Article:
In Haworthia Update 4 I wrote an essay about the haworthias east of Albertinia in which I discussed their relation to H. retusa and H. mirabilis, while generally lumping them largely in H. pygmaea. There are of course real ‘turgida’ populations as far east as near Mossel Bay, so I argued the case for an interplay of the two former species that over the whole distribution range generated two ‘species’ in the east viz. H. pygmaea and H. retusa (to include ‘turgida’), and three ‘species’ in the west adding H. mutica to H. mirabilis and H. retusa.
Recently I had the pleasure of meeting Gregory Nicholson who is studying botany at University, Cape Town. He surprised me by telling me that there was a Haworthia on his parent’s property west of Herbertsdale. It was not in fact so much surprising as confirmation of the belief I formed on a trip a short while before that there must be haworthias in the very suitable terrain of the Jakkals River valley 6km west of Herberstdale. The surprise came when Greg indicated the position of the plants much deeper into the mountains.
Introduction I wonder. I have written so many words purporting to be my last that my credibility here too must be under stress. Two very recent articles of mine in Alsterworthia deal essentially with that issue, although they also cover the discovery of Haworthia mutica (Buffeljags) (= H. groenewaldii Breuer). They do not cover my subsequent thoughts on actually reading the description of this new “species” by Breuer, Marx and Groenewald. I hope that the present manuscript will explain why I reject this as a Latin binomial although anyone who is in the least familiar with my writing should already know. Spurred on by that discovery, I instigated a search in another area of the Buffeljags valley adjoining the Bontebok Park accompanied by Jannie Groenewald who informed me of what he had found in still another area I had long wanted to explore. So I instigated another search there too and again with Jannie. A discussion of these new finds is submitted to Cactus and SucculentJournal where I trust it will be published. The essence is already in Alsterworthia and this article is written to widen the readership, submit more pictures and maintain continuity with the 6 volumes of HaworthiaUpdate that Harry Mays has been so conscientiously and determinedly publishing. This is all writing that may not otherwise have seen the light of day. I am personally extremely grateful for that as I have had a mania since writing my revision Haworthia Revisited and Update Vol. 1 (both Umdaus), to set the record straight and explore all the unknowns, or at least some of them.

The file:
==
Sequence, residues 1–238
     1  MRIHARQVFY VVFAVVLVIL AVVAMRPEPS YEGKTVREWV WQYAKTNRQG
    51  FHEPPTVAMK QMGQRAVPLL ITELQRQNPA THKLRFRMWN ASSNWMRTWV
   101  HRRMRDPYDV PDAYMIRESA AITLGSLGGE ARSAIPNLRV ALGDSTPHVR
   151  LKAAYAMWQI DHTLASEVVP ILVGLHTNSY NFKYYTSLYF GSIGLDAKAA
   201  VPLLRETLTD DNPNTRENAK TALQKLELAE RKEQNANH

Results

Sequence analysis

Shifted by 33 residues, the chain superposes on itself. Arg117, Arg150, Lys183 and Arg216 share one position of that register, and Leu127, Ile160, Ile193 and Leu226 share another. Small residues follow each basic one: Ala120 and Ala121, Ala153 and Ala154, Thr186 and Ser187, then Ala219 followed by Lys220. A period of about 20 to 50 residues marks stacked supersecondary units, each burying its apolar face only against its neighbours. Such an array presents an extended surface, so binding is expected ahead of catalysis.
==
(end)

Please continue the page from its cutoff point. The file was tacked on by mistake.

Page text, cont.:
The objective was to explore some likely habitats previously observed at Van Reenens Crest and nearby. We extended the scope to include further exploration for Haworthia mutica as I am still questioning the place of this species in the greater scheme of things. Thus here are four sets of populations that I report on viz. H. mirabilis, H. retusa ‘nigra’, H. floribunda and H. mutica. See maps Figs 1 and 2 for geographical position.